Being honest, I’ve never been a huge fan of omelettes – I’ve always thought of them as being a bit rubbery and tasteless. But during my year abroad I relied on them because they were so cheap and quick to make. With a bit of practice, an enormous quantity of eggs, and a patient boyfriend, I feel I have now nailed the perfect omelette. On a practical level, its perfect for those days when a supermarket shop fills you with dread. Having spent many a time in French supermarkets not knowing what to buy or whether I could afford it, I know this feeling well. Knowing you can swiftly pick up a box of eggs to save the feeling of impending doom can be very comforting.
It’s still quick and cheap to make, but just requires a little extra care. The perfect omelette should be fluffy and cloud-like, with a rich gooey middle. A plain omelette is delicious, but you can be as creative as you like with the fillings – grated cheese is my go-to, as well as capers and anchovies, or ham and mushrooms. Just make sure if you use vegetables to fry them up before adding to the omelette.
This recipe takes 10 minutes and serves one.
Tip: Whilst you can estimate cooking times, I found to have more consistency when using my phone timer.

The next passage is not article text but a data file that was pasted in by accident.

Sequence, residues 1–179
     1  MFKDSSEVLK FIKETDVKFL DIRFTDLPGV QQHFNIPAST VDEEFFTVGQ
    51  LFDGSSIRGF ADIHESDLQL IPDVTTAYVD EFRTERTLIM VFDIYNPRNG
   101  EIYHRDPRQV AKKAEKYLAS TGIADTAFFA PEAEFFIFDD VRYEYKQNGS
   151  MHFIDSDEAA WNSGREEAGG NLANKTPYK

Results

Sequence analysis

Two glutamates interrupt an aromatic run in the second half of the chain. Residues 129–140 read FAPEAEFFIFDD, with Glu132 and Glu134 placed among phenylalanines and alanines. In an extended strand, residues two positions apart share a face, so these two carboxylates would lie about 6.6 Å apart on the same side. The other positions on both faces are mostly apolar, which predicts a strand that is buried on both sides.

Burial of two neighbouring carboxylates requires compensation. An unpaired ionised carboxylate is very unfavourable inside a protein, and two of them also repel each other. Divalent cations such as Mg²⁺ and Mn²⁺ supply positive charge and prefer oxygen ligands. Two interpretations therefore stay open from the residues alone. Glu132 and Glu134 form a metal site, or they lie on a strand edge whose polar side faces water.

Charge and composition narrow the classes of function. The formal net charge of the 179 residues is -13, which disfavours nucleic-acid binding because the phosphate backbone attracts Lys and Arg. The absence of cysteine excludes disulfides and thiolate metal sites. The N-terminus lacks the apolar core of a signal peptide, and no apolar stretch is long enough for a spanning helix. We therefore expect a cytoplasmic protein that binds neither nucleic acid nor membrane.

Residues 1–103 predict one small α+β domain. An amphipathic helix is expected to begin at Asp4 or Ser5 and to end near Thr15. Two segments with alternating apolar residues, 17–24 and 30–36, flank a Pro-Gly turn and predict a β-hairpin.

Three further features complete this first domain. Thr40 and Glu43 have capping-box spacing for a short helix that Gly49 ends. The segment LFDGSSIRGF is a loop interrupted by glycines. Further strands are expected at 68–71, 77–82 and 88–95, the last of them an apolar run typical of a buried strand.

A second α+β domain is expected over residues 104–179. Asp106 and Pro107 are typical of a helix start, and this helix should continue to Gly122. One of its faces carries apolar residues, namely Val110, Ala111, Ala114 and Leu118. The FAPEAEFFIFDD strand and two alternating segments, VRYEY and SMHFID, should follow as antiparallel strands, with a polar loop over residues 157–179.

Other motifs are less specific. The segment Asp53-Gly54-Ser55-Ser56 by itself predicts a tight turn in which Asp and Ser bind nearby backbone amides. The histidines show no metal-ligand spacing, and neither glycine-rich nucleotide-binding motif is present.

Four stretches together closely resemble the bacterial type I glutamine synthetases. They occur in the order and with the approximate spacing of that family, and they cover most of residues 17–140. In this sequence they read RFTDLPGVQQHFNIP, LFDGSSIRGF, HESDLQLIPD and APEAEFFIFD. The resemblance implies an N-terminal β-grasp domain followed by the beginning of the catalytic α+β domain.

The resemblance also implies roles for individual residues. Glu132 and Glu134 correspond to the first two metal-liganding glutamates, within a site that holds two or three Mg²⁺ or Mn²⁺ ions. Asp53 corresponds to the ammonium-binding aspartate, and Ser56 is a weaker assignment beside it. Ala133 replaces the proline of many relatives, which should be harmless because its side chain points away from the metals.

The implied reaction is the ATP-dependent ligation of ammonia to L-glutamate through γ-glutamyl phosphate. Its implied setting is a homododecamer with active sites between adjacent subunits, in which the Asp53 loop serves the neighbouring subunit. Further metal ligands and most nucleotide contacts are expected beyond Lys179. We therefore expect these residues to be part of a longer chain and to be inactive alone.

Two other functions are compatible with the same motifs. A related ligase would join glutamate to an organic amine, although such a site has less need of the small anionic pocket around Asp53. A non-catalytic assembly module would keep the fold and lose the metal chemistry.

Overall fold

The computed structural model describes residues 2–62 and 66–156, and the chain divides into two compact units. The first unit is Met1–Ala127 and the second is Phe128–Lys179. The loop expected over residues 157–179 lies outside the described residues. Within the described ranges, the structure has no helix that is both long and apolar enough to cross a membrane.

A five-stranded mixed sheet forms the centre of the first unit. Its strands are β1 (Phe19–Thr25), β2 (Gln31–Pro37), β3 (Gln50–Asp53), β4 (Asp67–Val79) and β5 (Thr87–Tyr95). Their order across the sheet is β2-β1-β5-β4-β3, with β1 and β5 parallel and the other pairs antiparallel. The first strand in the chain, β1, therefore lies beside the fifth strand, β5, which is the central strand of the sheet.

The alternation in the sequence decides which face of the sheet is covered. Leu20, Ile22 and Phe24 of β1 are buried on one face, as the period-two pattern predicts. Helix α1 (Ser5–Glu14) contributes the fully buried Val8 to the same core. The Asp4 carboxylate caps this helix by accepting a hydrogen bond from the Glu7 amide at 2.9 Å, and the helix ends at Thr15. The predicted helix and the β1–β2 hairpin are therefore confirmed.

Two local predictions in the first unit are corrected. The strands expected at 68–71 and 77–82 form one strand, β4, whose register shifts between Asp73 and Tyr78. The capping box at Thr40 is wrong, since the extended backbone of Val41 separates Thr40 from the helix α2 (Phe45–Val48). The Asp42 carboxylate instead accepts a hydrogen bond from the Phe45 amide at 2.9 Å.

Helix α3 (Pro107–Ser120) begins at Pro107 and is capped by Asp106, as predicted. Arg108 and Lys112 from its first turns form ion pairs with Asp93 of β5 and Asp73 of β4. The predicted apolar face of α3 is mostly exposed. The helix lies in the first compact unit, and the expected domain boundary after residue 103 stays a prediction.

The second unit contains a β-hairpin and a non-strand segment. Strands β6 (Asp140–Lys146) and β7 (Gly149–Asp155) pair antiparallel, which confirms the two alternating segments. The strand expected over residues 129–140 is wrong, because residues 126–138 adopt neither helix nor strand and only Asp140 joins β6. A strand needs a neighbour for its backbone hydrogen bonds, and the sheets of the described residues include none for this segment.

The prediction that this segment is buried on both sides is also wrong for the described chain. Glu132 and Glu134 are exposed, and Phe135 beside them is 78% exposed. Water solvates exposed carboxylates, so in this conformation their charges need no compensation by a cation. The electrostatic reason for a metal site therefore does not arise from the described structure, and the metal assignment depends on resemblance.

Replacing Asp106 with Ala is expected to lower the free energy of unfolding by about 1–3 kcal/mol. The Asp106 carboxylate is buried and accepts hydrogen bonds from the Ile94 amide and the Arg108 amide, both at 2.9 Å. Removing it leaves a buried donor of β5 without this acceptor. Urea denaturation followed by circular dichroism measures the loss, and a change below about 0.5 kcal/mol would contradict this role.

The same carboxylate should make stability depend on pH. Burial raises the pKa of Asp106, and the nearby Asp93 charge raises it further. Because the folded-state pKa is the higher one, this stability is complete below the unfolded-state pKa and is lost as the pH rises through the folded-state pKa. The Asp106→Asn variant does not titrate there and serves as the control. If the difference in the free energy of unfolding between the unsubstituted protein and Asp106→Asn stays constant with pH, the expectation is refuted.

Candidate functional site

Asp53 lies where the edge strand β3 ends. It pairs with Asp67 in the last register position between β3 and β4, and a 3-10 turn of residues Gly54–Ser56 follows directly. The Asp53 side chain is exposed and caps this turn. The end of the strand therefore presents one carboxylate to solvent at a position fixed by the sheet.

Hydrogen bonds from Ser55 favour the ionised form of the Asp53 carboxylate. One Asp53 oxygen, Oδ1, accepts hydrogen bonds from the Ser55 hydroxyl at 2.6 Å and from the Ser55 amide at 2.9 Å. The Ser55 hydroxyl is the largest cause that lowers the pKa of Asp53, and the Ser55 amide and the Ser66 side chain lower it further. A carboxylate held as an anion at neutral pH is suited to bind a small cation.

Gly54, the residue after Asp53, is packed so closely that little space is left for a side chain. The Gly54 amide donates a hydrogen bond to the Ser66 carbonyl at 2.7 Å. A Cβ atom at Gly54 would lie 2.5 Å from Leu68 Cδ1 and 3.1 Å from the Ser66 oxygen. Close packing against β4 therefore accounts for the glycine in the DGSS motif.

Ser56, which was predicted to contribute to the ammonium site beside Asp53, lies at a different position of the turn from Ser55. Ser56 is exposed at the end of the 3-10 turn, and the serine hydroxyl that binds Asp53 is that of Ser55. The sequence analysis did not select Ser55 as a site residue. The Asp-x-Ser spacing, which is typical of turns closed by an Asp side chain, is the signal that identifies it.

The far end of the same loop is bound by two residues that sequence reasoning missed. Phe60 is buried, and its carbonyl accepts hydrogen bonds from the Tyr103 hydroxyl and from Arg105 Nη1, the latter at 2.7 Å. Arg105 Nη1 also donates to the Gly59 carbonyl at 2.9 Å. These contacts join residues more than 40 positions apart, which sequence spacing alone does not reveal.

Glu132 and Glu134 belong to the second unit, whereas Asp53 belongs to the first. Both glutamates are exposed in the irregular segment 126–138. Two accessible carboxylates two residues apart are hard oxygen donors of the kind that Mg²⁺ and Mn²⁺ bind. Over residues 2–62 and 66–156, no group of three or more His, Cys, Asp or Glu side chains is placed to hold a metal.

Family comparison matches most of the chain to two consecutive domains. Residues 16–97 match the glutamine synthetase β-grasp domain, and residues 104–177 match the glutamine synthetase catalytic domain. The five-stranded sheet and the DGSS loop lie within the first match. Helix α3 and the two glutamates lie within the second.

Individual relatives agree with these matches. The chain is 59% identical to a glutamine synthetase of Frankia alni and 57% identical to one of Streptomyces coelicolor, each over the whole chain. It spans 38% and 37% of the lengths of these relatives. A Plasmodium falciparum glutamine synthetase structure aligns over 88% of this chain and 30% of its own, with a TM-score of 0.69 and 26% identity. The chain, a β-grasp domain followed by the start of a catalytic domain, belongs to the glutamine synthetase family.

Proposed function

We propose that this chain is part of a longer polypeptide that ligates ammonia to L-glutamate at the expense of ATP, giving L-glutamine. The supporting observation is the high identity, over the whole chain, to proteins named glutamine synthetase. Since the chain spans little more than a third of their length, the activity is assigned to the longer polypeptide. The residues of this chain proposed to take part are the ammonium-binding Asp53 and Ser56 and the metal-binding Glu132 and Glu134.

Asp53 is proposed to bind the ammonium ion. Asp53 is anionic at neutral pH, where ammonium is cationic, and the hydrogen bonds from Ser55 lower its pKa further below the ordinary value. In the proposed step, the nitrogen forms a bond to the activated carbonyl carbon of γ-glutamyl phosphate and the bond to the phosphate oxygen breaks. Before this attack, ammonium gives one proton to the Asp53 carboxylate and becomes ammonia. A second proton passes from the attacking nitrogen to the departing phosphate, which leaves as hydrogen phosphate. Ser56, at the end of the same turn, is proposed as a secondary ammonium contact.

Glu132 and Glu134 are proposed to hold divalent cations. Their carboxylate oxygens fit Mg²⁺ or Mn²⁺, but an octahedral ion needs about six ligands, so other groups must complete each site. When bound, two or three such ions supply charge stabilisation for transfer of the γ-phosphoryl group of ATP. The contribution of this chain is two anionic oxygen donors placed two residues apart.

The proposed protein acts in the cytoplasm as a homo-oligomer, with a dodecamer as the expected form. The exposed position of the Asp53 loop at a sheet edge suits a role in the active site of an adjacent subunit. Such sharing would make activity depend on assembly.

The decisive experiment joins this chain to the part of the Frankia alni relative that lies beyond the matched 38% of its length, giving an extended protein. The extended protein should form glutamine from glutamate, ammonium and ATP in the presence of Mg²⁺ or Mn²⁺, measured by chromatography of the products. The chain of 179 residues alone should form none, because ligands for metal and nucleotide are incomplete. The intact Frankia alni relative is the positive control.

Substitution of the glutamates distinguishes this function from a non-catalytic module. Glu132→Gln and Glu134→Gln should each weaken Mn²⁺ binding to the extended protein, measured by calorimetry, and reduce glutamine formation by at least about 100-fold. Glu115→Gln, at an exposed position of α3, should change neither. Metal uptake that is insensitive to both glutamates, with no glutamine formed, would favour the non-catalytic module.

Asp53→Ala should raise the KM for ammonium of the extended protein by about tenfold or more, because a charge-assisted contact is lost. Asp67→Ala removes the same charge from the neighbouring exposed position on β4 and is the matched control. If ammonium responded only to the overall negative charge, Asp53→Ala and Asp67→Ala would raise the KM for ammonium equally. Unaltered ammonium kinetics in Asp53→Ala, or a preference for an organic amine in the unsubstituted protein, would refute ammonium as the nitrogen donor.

You will need:
- A knob of butter
- 3 large eggs
- Salt and pepper
You will also need a non-stick medium frying pan and a spatula.
Begin by whisking the three large eggs in a bowl or jug (a fork works just as well as a whisk). Make sure they are well-whisked, otherwise you end up with big chunks of egg white which tend to make the omelette rubbery.
Put a knob of butter into the frying pan, and turn the hob onto a very low heat. Melt the butter slowly – you want it to be just melted, not hot and sizzling. Once melted, pour the whisked egg into the pan and turn the heat up to medium. Again, you don’t want the pan to be sizzling hot, just enough to be cooking the egg gradually.
Cook the egg for one minute in the pan. After a minute, season well with salt and pepper, and add any extra fillings you have.
Cook for one more minute, and then use the spatula to fold the omelette in half (as you might with a pancake). Don’t worry if its a little runny – food continues to cook even when you turn the heat off, and folding it in half will help to cook the rest. However, if it is too runny, leave it in the pan for a few more seconds.
Tip onto a plate and eat whilst still hot.